McNeill published his correspondence on the issue with de Valera making de Valera appear foolish, before resigning and leaving de Valera with the task of choosing a new Governor-General, an embarrassing situation for a politician who had tried his best to avoid any association with the office. To the surprise of many, O’Kelly’s was not among the names considered for the office. It is not known for certain, but suspicion rests on O’Kelly’s controversial membership of a right-wing Roman Catholic organisation, the Knights of Columbanus, which de Valera suspected had a source in the cabinet. The talkative, tactless, fanatically religious whiskey-drinking O’Kelly matched the bill, perhaps through indiscretions rather than deliberate actions. However O’Kelly was not made Governor-General, the post instead going to the former Fianna Fáil TD, Domhnall Ua Buachalla from County Kildare, who would be the last Governor-General.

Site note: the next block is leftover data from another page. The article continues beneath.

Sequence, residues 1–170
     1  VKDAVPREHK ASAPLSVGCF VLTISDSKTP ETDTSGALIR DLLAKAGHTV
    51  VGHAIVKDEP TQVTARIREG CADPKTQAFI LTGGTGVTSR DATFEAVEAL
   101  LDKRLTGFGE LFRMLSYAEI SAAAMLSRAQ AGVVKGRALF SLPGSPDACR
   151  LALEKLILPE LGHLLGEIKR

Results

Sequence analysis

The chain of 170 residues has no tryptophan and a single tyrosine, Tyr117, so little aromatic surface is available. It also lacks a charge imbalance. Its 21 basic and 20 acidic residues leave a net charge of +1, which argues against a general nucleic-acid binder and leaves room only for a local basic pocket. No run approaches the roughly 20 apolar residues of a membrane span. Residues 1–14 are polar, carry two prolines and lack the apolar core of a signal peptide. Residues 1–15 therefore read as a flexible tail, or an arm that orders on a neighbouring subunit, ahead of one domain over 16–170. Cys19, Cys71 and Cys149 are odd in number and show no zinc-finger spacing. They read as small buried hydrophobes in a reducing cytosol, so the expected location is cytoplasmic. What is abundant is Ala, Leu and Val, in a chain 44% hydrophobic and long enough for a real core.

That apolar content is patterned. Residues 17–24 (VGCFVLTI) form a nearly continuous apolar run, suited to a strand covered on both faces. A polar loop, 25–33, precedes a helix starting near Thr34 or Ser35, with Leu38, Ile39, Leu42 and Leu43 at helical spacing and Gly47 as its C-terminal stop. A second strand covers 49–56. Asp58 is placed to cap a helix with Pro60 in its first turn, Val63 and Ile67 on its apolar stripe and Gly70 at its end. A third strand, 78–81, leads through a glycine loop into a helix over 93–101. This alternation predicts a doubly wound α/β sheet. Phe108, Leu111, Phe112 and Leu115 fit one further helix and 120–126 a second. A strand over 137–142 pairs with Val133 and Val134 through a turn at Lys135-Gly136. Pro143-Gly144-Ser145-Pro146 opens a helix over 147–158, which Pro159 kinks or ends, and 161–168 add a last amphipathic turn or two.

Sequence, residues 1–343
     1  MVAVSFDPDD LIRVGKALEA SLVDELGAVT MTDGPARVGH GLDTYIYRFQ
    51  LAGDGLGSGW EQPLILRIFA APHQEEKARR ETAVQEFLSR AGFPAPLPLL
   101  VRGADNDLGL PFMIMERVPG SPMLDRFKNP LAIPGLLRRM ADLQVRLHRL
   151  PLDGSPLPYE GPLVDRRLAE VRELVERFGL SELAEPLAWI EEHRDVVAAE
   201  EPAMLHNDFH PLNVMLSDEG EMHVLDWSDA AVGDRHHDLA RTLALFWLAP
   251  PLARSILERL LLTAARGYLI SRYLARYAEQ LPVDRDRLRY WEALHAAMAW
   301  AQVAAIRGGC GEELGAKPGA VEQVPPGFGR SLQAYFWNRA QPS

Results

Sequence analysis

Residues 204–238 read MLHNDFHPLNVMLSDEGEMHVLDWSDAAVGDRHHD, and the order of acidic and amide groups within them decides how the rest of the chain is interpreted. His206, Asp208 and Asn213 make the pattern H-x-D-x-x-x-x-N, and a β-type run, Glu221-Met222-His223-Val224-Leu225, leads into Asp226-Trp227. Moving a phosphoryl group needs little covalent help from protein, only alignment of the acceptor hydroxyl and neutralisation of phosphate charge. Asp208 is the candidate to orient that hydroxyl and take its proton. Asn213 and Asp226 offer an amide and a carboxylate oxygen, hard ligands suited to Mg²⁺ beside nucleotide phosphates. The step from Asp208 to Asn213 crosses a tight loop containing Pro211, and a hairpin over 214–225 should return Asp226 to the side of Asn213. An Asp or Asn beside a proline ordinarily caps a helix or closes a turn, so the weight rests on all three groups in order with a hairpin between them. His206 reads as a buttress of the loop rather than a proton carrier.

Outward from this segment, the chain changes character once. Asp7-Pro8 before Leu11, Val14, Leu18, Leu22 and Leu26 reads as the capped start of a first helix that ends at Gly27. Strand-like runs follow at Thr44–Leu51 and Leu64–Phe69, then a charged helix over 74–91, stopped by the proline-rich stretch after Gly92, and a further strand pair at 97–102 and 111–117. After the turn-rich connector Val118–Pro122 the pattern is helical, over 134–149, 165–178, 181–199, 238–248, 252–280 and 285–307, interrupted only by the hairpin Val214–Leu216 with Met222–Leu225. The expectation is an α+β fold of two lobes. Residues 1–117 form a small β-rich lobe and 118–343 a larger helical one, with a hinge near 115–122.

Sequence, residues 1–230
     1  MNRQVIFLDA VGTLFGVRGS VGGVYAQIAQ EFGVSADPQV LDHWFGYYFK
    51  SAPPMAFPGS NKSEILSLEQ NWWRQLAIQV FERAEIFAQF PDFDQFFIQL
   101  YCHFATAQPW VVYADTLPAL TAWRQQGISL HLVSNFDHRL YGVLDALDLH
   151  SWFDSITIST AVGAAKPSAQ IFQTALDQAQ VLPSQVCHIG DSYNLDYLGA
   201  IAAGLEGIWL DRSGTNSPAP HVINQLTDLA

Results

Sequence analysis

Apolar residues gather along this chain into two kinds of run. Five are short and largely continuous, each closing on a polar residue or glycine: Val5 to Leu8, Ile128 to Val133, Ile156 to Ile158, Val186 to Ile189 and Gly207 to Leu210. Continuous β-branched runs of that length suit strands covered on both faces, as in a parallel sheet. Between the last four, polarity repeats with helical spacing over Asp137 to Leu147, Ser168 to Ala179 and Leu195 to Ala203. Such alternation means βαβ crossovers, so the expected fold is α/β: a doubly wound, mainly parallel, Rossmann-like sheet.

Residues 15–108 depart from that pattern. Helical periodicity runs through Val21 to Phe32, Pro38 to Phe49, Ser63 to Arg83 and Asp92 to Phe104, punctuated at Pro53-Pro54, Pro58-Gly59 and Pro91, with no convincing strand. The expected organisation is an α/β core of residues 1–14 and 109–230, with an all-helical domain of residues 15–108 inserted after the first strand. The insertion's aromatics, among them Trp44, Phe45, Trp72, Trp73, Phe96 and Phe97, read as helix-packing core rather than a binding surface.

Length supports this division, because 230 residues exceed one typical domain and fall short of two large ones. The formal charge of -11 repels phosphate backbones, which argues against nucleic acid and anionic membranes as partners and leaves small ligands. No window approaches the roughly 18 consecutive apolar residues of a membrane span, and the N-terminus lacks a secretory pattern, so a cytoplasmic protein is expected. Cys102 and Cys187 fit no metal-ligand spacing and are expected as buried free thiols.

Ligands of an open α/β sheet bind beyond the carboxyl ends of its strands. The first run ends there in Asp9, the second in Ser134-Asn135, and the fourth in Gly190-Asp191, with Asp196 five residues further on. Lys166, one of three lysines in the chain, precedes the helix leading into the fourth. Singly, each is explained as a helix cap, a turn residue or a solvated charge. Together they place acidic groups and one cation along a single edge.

Considered for President of Ireland in 1938:

In 1938, again O’Kelly’s position in cabinet became a focus for speculation, as rumours swept Leinster House (the seat of Parliament) that de Valera intended making O’Kelly the Fianna Fáil choice to become President of Ireland, the office which had replaced the governor-generalship in the new Irish constitution, Bunreacht na hÉireann. Again the justification for de Valera nominating one of his senior ministers for the Presidency, were rumours that someone in cabinet was, either deliberately or accidentally, letting information slip to the Catholic Church through the Knights of Columbanus.